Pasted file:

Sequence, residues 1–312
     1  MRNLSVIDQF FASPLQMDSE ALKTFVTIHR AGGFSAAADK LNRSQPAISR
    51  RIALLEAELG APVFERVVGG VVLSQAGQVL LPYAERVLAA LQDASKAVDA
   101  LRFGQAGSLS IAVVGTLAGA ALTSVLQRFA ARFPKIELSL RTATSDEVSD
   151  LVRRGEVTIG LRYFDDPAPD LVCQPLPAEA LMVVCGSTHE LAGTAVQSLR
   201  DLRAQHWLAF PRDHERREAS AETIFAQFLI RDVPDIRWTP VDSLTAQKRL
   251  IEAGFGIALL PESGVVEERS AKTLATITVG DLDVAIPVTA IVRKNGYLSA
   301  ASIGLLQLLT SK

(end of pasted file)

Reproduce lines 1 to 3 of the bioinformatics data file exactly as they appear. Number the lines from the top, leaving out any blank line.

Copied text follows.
Sequence, residues 1–312
     1  MRNLSVIDQF FASPLQMDSE ALKTFVTIHR AGGFSAAADK LNRSQPAISR
    51  RIALLEAELG APVFERVVGG VVLSQAGQVL LPYAERVLAA LQDASKAVDA